Volvo Cars (VOLCARb.ST) posted the biggest IPO of the year in Europe on Friday, boosting the emergence of new emissions markets and the automakers’ vision of an electric future.
Earlier this week, the Gothenburg-based company scaled back its IPO to less than the previously announced range for a valuation of just over $18 billion, the second largest IPO in Sweden.
As European automakers undertake a difficult transition to electric vehicles (EVs), the deal’s success and the strong market reaction – putting its valuation at about $22 billion – may provide a boost to their industry.
Additionally, it shows that although the euphoria over IPOs is over, the market is open to new listings of great companies with a compelling story to tell.
The chief executive of Volvo Cars, H*kan Samuelsson, said the listing showed recognition of the company’s transition plans. He also added that it would be necessary for Volvo to demonstrate it is on track to become the “fastest transformation.”
“The market is far more interested in investing in electric car makers as opposed to conventional automakers”. “So we have an interest in following through with what we promised,” he told Reuters.
The carmaker’s shares were trading at 64.70 Swedish kronor ($7.59) at 1057 GMT. Chinese conglomerate Geely is holding the majority of the shares (GEELY.UL).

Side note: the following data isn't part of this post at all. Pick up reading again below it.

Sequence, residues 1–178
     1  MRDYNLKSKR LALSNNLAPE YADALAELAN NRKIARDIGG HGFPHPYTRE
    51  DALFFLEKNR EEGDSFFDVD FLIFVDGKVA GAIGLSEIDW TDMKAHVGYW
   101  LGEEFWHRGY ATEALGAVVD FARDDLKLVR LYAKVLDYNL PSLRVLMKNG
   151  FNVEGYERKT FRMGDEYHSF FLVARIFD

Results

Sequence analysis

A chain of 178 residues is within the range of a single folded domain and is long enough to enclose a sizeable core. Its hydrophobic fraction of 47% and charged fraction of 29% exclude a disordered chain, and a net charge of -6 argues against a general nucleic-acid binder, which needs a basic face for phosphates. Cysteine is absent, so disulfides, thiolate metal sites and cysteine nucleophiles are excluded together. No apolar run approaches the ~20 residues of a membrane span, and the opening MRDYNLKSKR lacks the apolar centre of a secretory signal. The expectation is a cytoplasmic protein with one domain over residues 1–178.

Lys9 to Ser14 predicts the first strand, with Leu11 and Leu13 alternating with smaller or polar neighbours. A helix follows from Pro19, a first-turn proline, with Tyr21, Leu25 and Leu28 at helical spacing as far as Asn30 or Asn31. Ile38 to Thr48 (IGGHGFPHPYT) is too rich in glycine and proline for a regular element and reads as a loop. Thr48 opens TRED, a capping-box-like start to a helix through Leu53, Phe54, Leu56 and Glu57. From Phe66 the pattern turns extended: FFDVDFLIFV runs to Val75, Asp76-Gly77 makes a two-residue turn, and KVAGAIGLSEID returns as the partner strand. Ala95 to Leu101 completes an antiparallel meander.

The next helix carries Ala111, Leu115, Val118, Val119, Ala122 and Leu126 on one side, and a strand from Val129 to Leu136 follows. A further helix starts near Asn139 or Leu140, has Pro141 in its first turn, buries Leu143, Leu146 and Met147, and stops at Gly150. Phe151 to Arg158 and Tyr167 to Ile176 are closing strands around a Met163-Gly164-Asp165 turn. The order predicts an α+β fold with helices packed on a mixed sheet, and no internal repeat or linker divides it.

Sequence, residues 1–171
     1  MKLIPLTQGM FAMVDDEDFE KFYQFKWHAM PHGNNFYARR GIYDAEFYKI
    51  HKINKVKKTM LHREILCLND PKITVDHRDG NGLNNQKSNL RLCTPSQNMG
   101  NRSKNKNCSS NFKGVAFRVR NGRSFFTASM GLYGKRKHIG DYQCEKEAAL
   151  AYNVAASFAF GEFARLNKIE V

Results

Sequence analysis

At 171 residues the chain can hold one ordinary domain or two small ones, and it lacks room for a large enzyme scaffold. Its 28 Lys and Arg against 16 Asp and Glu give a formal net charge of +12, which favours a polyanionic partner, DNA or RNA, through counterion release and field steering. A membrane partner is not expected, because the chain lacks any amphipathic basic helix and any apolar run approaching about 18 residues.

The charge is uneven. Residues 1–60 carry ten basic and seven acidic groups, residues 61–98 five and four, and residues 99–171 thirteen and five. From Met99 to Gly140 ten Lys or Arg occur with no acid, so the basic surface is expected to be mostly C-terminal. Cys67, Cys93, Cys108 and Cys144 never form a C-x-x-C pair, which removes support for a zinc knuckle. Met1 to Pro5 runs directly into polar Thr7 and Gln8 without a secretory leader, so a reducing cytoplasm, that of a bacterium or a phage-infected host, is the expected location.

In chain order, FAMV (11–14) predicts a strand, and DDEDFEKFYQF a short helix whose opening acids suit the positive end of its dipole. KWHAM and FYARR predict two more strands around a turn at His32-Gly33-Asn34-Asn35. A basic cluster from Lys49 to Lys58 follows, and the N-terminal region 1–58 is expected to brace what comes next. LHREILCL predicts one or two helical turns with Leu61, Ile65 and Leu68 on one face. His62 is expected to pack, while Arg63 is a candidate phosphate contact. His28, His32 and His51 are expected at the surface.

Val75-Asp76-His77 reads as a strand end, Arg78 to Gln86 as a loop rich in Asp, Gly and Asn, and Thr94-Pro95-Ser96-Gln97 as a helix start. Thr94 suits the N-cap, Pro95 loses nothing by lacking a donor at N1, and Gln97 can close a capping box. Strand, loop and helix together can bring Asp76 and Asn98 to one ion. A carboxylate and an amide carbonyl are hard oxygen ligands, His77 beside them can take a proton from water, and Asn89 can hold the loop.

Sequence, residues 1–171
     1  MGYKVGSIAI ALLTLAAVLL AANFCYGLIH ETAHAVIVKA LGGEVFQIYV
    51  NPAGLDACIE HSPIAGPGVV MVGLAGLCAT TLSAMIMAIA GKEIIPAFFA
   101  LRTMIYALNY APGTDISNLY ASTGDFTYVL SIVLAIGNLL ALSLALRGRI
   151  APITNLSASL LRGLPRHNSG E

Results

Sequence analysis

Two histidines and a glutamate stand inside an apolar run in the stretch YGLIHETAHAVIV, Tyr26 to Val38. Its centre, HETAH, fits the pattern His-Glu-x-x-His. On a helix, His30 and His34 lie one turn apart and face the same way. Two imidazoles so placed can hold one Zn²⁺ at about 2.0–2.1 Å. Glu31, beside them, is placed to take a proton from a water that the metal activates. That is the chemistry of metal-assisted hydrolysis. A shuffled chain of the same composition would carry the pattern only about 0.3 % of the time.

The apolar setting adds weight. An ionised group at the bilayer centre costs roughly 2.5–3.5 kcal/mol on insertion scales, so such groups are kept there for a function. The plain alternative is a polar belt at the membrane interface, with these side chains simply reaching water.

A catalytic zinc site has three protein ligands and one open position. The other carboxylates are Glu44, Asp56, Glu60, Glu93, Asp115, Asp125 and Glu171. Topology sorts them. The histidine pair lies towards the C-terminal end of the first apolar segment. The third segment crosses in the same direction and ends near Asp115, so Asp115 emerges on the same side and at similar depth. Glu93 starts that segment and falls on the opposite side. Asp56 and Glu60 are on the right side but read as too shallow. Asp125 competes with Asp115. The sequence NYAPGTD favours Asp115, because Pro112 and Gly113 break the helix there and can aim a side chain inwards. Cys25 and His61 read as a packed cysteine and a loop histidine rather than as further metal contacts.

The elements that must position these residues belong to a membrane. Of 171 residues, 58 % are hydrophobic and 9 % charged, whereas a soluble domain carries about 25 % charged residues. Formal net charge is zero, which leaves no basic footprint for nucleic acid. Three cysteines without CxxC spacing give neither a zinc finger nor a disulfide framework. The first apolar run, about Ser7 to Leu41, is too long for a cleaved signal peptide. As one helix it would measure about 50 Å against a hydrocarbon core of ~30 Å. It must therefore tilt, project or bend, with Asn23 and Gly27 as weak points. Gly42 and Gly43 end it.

Volvo is on track to electric-only cars by 2030. The group also owns 49% of Polestar, which is planning a $20 billion IPO next year.
“They are already electric… showing in some ways what the potential would be for Volvo if this (transformation) is done the right way.”
According to a source familiar with the Volvo deal, the outcome of this week’s IPO was good. Even though investors pushed back and forced Volvo to price at the bottom of its range.
Investor enthusiasm has also been dampened by concerns over how much control Geely will retain over Volvo, global supply chain issues, and fears that automakers will be caught up in trade wars involving China.